Jared insisted, so Professor Waterstripe relented and assented. With advice from his professor and father, Jared designed an experiment to test the effect of Azomite as a soil supplement on tomatoes—a popular garden vegetable. Jared's very simple, but controlled experiment could clearly show any effects from Azomite.
Eight tomato plants ("Fantastic" variety) of uniform size were grown in one-gallon plastic pots, in a mix of standard potting soil with six tablespoons of composted cow manure. Two tablespoons of Azomite were added to the soil of four tomato plants, and four had no clay mineral supplement. Plants grew in uniform greenhouse conditions from June 17 to Sept. 9, got 150 milliliters of water three times a week, and were rotated in the greenhouse to ensure equal exposure to warmth and light. Height was measured from soil surface to uppermost branching point. All measured 30 cm at the experiment beginning, with no visible differences in health.
Leaves with whitefly infestation
After 67 days, the tomatoes fed Azomite were easy to distinguish from untreated vines. On several measurable characteristics, Azomite yielded a better plant. Everyone agreed all four plants fed clay dust looked bigger and healthier.
"Color was a very obvious difference," recalled Jared. "Plants not treated were more yellow in color, while treated plants were a deeper green color. Height was different. Plants that were treated weren't a lot taller, but they weren't 'leggy'."
Jared's short written report listed five significant observations he had measured as numerical indications of "better, healthier" plants:
- Average height of Azomite-treated plants was 98.5 cm, compared to 89.75 cm for control plants. (Fig. 1)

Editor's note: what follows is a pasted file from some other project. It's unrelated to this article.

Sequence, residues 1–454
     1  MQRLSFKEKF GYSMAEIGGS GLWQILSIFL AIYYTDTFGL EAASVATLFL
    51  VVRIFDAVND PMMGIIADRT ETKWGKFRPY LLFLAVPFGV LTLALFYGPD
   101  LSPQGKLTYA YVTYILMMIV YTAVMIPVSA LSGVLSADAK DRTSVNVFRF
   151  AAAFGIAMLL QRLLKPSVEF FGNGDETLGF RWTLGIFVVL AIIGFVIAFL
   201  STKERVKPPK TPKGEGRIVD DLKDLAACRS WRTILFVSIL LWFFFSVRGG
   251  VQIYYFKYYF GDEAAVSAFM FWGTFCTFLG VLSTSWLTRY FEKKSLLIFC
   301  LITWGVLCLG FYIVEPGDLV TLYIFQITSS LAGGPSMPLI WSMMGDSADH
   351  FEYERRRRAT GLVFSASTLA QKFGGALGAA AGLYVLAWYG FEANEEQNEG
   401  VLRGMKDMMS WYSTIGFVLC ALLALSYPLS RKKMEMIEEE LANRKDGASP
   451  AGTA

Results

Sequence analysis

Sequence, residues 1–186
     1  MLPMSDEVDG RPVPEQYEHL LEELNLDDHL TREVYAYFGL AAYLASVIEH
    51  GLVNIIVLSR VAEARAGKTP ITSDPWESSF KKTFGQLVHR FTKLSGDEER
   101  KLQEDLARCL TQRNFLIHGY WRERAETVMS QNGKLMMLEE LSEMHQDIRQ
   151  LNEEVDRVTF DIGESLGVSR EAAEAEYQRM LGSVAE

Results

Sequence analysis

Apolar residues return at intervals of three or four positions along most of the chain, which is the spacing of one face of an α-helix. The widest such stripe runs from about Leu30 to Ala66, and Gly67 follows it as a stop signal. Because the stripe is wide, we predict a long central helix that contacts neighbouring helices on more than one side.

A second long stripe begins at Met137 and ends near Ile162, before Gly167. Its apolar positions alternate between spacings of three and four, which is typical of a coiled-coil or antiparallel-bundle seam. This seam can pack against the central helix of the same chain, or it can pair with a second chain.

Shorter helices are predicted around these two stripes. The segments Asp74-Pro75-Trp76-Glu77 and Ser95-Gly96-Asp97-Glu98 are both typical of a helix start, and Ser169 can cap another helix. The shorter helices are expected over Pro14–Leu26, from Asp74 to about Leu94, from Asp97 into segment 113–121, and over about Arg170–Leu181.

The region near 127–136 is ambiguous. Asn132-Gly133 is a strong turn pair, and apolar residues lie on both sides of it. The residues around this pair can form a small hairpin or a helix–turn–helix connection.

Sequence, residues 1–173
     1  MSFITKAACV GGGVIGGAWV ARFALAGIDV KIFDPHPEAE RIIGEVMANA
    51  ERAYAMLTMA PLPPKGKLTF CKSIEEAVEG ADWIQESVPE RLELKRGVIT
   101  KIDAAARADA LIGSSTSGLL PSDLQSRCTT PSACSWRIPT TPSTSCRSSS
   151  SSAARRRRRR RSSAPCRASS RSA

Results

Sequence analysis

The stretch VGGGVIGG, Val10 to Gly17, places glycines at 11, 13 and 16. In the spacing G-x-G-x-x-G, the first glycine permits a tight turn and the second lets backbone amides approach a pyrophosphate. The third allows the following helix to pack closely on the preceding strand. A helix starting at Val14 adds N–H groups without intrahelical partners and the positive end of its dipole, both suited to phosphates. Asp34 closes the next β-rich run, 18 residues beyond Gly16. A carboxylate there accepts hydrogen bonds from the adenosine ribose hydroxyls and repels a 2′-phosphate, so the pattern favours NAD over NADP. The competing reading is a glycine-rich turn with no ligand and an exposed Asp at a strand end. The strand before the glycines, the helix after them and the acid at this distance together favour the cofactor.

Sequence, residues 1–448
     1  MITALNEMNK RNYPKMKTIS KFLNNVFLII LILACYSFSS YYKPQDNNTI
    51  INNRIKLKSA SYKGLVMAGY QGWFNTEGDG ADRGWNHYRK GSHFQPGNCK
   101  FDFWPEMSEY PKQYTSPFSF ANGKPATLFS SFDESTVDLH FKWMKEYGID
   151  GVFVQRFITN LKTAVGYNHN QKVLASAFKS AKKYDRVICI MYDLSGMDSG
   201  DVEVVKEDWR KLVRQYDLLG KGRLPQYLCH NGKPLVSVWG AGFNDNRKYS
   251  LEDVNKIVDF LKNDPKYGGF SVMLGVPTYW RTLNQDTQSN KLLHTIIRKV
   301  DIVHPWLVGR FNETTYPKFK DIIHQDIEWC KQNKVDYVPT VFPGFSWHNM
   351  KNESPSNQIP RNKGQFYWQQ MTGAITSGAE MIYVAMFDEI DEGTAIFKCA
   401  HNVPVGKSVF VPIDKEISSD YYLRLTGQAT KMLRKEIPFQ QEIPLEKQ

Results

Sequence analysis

- Whiteflies were found on both treated and control plants by day #28. After day #42, insecticidal soap was sprayed to control whiteflies. But treated plants had much less damage (Table 1), defined as "honeydew"—sticky, sugary excretions by whiteflies.
- Azomite-treated plants flowered earlier, more prolifically (Table 2).
- First tomato was on an Azomite-treated plant on Aug. 26 (Table 3).
- Treated plants set more fruit (Table 3).
Total number of open blossoms
In a Summary as simple as his experiment, Jared wrote:
"While four plants per treatment do not provide statistically testable results, this experiment suggests that mineral supplements such as Azomite may help produce plants that are more vigorous and pest-resistant, and that blossom and set fruit sooner than plants grown without any supplement. Further tests, both in lab and field, are highly recommended."
Total number of fruit on all plants
But from this modest understatement issues a bright light of insight. The implications of this simple experiment could alter farm economics, food production and horticulture methods. Only four plants, but a solid, significant 4-versus-4 superiority. This clear, consistent result confirms a long list of field observations. Definitely, this Utah powder provides some nutrient lacking in greenhouse potting soil—and northwest Michigan topsoil. Something so essential that just a trace of it effects significant gains in growth, vigor, sturdiness, color, flavor, flowering, fruiting, and pest resistance.
Tests of this remarkable result should be repeated by other universities and high schools in many different locations, not just by one observant and thoughtful high school senior.
David Milarch—with decades experience in the family shade tree business—also founded The Champion Tree Project. The effects of Azomite on his tree farm urged him to require that every Champion Tree must be sold and planted with rockdust.
"In The Champion Tree Project, seedlings distributed to schools, children and youth groups for Arbor Day will have a small bag of rockdust, with instructions to sprinkle it around the roots. I recommend seed companies use it in soil mix as seedlings are produced. And right up the ladder when shade tree liners are grown by nurseries, I ask them to use rockdust. Then, as shade trees are planted at job sites, one or two pound bags must be spread by landscape industry."